Why you shouldn't respond to chain messages. . .
- Saturday, November 26, 2005
If you send this message off to 20 people within the next 4 days, and each of them send this letter off to 20 other people within 4 days...
In 40 days, approximately 10 trillion of these messages will cross the Internet.
From day 40 to day 44, an additional 200 trillion of these messages will cross the Internet, at an average of 50 trillion messages per day.
From day 44 to 48, an additional 4,000 trillion of these messages will cross the Internet, at an average of 1,000 trillion messages a day, 41.7 trillion messages per hour, 694 billion messages per minute, or 11.6 billion messages per second.
Of course, the Internet will have ground to a complete halt way before then, and a good thing too, because by day 44 (assuming each man, woman and child in the world is tied to the Internet) you would have to respond to about 2 chain mail letters per second, sending off 20 responses each second, giving you 5/100 of a second to send each message. If you drop the ball, you will break about 1,800,000 chain letters per day, bringing almost two million times the bad luck upon yourself than if you broke the first chain letter to begin with.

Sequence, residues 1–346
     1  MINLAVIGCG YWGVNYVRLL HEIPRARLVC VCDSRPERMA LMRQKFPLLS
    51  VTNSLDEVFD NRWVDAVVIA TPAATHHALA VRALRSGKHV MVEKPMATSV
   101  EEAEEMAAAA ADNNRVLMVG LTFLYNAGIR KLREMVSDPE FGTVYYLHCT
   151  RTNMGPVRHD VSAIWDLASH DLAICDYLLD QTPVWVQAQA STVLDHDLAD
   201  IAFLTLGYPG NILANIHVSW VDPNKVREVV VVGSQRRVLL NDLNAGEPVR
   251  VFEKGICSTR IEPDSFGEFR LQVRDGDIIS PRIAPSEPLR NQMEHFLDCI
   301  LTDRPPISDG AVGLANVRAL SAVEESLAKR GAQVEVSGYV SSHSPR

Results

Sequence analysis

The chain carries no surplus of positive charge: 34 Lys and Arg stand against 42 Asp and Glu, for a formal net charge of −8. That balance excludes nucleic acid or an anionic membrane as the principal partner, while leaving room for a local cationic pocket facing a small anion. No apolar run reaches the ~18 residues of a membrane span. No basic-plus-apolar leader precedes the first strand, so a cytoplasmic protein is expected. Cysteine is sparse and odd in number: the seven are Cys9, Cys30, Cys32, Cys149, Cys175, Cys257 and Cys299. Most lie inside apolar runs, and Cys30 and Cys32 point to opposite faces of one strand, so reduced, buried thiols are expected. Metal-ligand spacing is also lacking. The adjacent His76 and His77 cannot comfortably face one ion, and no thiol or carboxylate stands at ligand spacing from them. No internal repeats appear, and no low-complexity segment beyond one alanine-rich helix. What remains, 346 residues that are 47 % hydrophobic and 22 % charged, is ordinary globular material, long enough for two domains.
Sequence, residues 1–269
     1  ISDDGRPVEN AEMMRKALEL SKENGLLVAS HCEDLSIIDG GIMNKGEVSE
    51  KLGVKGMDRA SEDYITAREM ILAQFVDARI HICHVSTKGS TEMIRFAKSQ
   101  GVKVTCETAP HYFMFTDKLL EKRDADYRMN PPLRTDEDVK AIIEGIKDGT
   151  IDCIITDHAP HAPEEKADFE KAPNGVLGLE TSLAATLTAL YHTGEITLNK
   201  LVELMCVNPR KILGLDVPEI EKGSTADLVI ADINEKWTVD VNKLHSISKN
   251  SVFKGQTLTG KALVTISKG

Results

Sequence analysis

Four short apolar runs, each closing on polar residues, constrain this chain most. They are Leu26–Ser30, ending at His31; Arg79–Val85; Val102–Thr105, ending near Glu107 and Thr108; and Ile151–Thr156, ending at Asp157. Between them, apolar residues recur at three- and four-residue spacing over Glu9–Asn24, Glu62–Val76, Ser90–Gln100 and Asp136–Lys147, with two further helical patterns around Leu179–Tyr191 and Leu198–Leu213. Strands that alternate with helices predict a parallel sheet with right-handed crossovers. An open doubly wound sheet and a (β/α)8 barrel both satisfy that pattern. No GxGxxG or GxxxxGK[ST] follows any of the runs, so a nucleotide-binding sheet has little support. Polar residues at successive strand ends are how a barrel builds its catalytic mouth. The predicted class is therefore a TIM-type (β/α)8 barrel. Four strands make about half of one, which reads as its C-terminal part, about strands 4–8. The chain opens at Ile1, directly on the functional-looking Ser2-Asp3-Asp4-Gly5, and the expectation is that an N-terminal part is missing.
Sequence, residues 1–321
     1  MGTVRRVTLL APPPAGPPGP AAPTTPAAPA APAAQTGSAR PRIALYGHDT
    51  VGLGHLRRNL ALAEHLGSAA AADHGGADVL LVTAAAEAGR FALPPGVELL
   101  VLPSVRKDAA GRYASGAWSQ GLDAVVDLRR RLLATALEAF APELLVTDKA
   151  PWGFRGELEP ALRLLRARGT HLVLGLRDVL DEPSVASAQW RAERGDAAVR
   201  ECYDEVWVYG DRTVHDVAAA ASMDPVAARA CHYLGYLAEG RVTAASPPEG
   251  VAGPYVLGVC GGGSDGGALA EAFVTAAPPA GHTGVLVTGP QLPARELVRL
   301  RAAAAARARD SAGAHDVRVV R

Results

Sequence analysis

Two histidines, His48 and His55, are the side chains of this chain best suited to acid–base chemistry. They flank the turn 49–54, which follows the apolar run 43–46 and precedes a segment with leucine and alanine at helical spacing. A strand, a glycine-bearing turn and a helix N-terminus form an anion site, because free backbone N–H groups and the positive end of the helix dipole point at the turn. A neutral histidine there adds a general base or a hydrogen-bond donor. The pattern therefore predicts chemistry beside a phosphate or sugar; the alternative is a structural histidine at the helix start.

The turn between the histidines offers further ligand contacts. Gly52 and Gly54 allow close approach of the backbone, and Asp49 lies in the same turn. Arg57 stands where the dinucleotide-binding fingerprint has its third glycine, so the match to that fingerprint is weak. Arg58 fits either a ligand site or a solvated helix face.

The logical conclusion? It is better to break the initial chain letter and receive one dose of bad luck than to continue the chain letter, and by day 44, receive 1,800,000 doses of bad luck.
I knew one poor fellow who ended up in such a circumstance. He ended up having 287,345 heart attacks, losing 5,137 wives, got fired from at least 100,000 jobs, and was run over by a truck. His Visa card was also revoked. Nobody liked him anymore. Finally, he resigned to the idea of not dying, and was immediately hit by a meteorite and vaporized. But his cells went on to experience even more bad luck.
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